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Choose Your Success Team Wisely

?Choose friends wisely. Like elevator buttons, they will either take you up or down.? Dr. Vincent Muli Kituku

Think about it. You want to be a professional speaker. You live in Boise, Idaho. English is not your native or second language. Your academic back ground is not in communications, education, business or psychology.

No problem, my association with professional speakers more than compensated for all the challenges expected in this mission?making a difference in other people?s lives through the power of the spoken and/or written word.

In whatever field you are devoting your energy, your growth curve and rewards, both tangible and intangible, will depend on the people you surround yourself with.

You may spend years with a hero or just minutes. A few minutes are what God allotted for me to be with Cavett Robert, CSP, CPAE, the founder of the National Speakers Association. He died about two months after the 1997 NSA convention, which was my first time NSA conference. He didn?t say much, beside a gracious smile that seemed to tell me, ?You too can do it.? I had learned about his inspirations, encouragement and generosity. We posed for a photo.

At that convention, I sat next to another attendee during a morning sessions without knowing that he was the featured luncheon speaker. It was Willie Jolley. In his speech, he talked about the obstacles he had overcome. Then he read this quote by Dr. Benjamin Mays, ?It must be borne in mind that the tragedy of life doesn?t lie in not reaching your goal. The tragedy of life lies in not having a goal to reach for. It isn?t a calamity to die with dreams unfulfilled, but it is a calamity not to dream. It is not a disaster to be unable to capture your ideal. It is a disaster to have no ideal to capture. It is not a disgrace not to reach your stars, but it is a disgrace to have no stars to reach for?? I had and did set time to ?pick his brains.?

These were the folks I wanted in my team. I scheduled time to visit with many including Zig Zigler (See You at the Top), Mark Victor (Chicken Soup for the Soul), Harvey Makay (Swim With Sharks), and Stephen Covey (7 Habits of Highly Effective People).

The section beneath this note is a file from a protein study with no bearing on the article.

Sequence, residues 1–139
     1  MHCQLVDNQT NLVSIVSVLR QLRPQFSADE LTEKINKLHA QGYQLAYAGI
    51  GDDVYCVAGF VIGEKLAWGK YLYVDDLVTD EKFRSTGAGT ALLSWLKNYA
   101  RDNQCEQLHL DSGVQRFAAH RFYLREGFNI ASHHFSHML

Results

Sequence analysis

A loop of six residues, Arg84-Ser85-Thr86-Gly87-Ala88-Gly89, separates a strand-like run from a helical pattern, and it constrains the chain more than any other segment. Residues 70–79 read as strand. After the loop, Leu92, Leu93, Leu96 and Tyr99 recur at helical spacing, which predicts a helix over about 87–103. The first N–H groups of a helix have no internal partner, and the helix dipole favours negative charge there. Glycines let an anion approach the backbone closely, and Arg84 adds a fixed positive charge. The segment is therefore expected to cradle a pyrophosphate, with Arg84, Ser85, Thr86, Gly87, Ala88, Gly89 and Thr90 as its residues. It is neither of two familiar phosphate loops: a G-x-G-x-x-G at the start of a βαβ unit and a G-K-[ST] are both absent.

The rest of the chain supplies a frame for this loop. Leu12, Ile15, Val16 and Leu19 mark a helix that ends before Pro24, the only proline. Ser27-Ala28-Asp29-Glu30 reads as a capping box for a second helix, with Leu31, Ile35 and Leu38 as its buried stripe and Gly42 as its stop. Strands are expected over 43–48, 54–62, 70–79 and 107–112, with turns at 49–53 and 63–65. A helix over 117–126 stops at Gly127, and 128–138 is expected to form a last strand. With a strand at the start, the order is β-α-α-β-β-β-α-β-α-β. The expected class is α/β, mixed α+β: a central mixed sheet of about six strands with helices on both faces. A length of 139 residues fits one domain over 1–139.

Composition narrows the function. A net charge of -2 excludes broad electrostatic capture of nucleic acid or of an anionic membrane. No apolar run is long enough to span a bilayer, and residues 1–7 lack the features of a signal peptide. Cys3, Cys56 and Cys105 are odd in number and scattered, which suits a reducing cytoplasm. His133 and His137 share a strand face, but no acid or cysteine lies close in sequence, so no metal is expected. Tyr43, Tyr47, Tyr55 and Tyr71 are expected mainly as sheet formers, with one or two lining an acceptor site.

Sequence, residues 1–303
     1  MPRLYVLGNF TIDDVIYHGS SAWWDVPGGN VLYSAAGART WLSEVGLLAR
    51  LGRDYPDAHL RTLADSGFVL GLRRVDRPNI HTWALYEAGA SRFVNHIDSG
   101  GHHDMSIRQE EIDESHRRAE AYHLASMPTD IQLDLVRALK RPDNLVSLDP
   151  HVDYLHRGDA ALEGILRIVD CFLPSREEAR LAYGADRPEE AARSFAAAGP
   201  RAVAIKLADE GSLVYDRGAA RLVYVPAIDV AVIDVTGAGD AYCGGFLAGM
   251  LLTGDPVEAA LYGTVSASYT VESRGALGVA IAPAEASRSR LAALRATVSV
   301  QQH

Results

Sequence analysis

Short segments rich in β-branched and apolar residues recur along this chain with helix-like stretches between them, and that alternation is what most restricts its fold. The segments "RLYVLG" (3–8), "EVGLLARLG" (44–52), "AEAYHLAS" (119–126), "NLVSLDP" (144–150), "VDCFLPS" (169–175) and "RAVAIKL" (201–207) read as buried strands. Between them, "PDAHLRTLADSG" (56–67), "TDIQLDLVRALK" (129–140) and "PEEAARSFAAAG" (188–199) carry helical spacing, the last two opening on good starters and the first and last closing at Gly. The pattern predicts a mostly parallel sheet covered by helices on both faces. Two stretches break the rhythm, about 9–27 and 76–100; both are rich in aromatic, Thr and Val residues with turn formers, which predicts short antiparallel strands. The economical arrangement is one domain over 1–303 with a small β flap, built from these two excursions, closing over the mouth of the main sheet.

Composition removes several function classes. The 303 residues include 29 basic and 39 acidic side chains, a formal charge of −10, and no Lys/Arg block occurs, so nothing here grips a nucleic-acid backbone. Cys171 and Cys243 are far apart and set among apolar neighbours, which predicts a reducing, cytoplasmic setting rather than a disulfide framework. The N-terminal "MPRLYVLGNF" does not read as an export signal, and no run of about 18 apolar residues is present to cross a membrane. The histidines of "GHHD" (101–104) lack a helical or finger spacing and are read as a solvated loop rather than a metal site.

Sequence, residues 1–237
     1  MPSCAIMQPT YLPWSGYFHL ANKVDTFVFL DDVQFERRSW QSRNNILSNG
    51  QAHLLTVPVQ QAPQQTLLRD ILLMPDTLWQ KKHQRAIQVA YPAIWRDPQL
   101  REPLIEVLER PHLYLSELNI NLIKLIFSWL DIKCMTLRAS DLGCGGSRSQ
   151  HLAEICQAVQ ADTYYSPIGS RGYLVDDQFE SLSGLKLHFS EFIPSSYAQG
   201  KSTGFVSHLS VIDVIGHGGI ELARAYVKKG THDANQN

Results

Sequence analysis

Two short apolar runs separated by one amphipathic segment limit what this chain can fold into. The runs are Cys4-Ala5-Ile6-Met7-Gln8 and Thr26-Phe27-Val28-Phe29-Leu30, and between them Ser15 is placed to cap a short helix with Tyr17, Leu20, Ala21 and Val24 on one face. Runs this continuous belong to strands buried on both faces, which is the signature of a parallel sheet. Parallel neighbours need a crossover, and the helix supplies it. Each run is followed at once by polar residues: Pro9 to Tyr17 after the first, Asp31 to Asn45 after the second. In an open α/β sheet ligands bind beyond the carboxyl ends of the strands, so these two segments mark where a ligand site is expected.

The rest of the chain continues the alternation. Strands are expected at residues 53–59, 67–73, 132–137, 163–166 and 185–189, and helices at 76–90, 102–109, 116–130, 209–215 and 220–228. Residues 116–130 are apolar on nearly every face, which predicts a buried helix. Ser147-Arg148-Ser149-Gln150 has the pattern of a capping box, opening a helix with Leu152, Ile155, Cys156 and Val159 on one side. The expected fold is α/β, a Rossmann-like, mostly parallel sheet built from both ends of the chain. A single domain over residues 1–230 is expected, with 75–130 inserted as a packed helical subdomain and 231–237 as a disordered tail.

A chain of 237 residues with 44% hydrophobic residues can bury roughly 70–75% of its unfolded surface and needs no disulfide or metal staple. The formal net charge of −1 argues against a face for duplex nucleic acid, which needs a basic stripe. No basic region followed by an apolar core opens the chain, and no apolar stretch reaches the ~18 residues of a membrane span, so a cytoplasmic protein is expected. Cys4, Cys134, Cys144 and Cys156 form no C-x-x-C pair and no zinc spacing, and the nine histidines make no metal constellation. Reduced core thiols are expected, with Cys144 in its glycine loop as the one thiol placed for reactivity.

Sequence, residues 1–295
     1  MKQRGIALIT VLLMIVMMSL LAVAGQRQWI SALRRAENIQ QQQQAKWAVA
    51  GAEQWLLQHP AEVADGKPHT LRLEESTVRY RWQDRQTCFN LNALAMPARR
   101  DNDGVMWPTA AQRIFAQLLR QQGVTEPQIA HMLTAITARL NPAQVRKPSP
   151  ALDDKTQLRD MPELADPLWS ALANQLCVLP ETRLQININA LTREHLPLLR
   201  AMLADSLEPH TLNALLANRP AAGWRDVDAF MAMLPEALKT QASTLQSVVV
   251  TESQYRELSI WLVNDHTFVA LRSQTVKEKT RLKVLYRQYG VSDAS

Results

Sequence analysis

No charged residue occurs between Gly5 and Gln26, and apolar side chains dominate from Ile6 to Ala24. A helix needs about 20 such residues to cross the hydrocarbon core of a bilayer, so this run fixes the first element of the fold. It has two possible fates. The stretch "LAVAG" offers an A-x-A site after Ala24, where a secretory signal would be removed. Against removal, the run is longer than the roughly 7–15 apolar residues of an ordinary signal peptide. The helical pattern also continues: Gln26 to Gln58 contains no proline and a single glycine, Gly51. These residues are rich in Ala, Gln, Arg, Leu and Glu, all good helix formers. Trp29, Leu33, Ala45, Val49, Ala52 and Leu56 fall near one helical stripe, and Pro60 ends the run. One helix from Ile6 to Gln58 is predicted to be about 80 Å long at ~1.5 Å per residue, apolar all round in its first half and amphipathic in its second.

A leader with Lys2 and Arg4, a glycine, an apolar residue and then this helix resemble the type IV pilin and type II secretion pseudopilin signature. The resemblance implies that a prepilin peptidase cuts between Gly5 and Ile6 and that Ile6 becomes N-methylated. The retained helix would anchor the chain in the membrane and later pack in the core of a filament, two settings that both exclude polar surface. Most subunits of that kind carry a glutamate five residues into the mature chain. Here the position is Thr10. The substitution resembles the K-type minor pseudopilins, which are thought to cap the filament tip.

What will propel you faster, with less stress and zero confusion, into real professional success and fulfillment in personal endeavors, is the kind of people you surround yourself with. These are the people who inspire you to get from your comfort zone to rewarding living. The ones who, once they learn your vision and listen to your questions, have the words you must hear in order to act. They lead you to other people or resources that you need to make your vision a reality.

I consider the quality of associates a dominant factor for anyone?s success or failure. I spent two years in 2nd grade. I have no clue why. I spent two years in 6th grade and two more years in 7th. Yes, one can attempt to attribute my setbacks, especially failing in 6th and 7th grades, to the unimaginable turmoil of watching my mother breakdown helplessly as my father became a polygamist. Or the time I spent admitted to the in hospital suffering from stomachache and malaria. All these factors for sure had some impact in my academic performance.

Looking back, more than thirty years later, however, I can say the main culprit for my dismal schooling performance could as well be the group I associated with. That is until I was in the 7th grade for the second time. None of my close friends, the ones I felt comfortable with and grazed cattle with, ever got a ?C? grade. One failed the high school entrance exam but managed to attend a poorly staffed high school where his final grade was an ?F.?

In a previous article, I wrote about my daily commitment to thirty minutes of study after everybody else was asleep. I also mentioned about my change of friends. Jackson Kiio Maingi became the boy to hang around. He was a neighbor who lived less than a mile from my home. We were classmates before I was forced to repeat the 6th grade. By the time I was in the 7th grade for the second time, he was two grades ahead.

Mr. Maingi, a humble and hard working young man, was a gold medalist as far as academics are concerned. He didn?t get involved with drinking or smoking like my previous friends and me. When we were together, we talked about school life, exams, and what could prepare someone for the monumental university entrance exams. During the school holidays, we would go to the local elementary school and study together.

My academic life was changed forever. My top friends in high school were also top achievers. In college, I hung around some postgraduate students from whom I learned there was more learning beyond the undergraduate programs.

Forget the money you might spend to grow professionally. The knowledge you have to start with may play a minimal role to get you to new heights. Don?t think your school diploma or degree is the item to elevate you.

The spark that jump starts your growth are the stars in your profession who have walked the path you are embarking on. Those are the people who know the pain of lacking tangible returns for their enormous sacrifice. They took the risks of leaving comfortable zones. They know the rewards of pushing forward, albeit sometimes against the tides.

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